I have spoken and talked a lot of character implosions over the last year. Leaders in ministry and leaders in the marketplace seem to be imploding at epidemic levels. Some suggest it has always been this way, that we are merely more aware because of our social media feeds and highly connected world. Regardless, people ruining their lives through their foolish decisions occurs far too frequently.
None of us are above falling. All of us are frail. The apostle Paul warned, “Whoever thinks he stands must be careful not to fall” (1 Corinthians 10:12).
I know what it feels like to fall miserably and painfully. The summer before my senior year in high school, I was arrested and charged with multiple felonies. One night a couple of friends and I foolishly broke into vehicles, stole credit cards, and drove throughout New Orleans buying beer and other things on the cash and credit cards we stole. We were arrested and charged with eleven felonies. The news hit the paper and the shame and guilt quickly consumed me. In God’s mercy, the night that was the worst night of my life was what He used to crush me and bring me to Himself. Here are four things I learned:
1. The fallout of an implosion hurts other people.
The night that changed the trajectory of my life was not only painful for me. My parents had to answer questions at work and among friends. When my little brother started high school the next year, several teachers asked if he were “that Eric Geiger’s brother.” When someone implodes, the collateral damage is very real. Churches and families and friends are deeply impacted.
2. Earthly consequences remain even after forgiveness has been received.
I stayed home the entire summer of 1993. And sometime that summer, while reading the Bible and being desperate for a new life and hungry for forgiveness, the Lord saved me. I was forgiven! Yet consequences still remained. I was told I could not attend Boys State (I had been selected alongside some other juniors in my class). I was asked to step down as one of the key leaders of Fellowship of Christian Athletes. Those were the right decisions, but they painfully taught me that earthly consequences remain even after forgiveness has been obtained through the Lord’s gracious offer.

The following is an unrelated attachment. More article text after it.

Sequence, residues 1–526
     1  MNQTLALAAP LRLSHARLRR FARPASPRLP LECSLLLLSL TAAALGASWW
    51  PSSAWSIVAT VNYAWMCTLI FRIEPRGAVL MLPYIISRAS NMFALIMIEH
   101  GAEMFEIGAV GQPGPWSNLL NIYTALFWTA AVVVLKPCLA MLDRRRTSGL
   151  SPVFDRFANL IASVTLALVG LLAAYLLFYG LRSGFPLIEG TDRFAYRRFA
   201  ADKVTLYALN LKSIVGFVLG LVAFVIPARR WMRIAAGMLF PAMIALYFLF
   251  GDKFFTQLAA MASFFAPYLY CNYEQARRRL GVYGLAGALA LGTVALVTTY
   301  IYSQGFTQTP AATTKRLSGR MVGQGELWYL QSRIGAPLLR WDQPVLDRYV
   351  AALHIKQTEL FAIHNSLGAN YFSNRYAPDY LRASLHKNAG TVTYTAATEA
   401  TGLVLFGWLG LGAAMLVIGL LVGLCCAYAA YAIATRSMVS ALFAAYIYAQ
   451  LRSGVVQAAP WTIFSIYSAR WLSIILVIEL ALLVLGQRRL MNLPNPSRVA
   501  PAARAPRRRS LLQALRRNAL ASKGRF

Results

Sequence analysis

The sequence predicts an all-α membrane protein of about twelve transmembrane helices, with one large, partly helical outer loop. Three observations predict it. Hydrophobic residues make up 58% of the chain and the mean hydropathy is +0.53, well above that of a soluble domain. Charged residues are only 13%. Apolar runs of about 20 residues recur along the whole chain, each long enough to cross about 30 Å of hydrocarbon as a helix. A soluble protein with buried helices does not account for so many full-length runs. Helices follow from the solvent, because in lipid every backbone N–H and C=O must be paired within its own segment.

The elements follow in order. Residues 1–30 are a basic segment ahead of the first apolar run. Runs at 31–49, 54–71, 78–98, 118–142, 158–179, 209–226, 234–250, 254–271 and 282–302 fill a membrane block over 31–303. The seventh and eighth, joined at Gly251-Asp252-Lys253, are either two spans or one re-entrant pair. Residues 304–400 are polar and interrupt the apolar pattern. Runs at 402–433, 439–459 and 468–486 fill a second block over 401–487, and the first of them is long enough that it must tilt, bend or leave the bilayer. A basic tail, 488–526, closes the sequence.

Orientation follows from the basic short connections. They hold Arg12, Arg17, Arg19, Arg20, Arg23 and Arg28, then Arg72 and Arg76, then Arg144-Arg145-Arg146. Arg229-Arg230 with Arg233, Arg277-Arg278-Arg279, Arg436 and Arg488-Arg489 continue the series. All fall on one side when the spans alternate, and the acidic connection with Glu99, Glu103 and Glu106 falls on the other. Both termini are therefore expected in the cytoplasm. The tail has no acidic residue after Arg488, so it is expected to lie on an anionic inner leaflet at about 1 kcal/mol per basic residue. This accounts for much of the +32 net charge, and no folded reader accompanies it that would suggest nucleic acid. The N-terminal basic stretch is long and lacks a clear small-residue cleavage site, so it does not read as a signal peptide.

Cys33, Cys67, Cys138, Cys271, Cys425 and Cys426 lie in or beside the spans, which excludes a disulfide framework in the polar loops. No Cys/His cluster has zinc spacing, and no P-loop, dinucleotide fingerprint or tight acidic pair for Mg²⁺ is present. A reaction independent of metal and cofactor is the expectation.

3. God uses implosions to crumble us before Him.
When someone ruins his or her life, it is often the greatest thing the Lord could allow. The implosion alerts us to our foolishness, gives us a picture of our sinfulness, and provides a humbling that can lead to longing for Christ and His grace. Some waste their implosion and harden their hearts toward the Lord. Others seize it as the opportunity to throw themselves on the grace of God.
4. God’s grace is greater than all our sin.
Richard Sibbes wrote, “There is more mercy in Christ than sin in us.” I did not know that quote my senior year in high school, but I sure found it to be true. A few months after I was arrested, during the singing time at the Baptist church I grew up in, I walked to the pastor and asked him if I could ask the church to forgive me for failing to live as a Christian and for embarrassing our collective community of believers. I stood in front of the people, voice cracking, and asked for their forgiveness. And they sure offered it. Their tears and hugs were overwhelming and a tangible expression of God’s mercy given to me. It has been almost 25 years since that moment, but it still marks me today.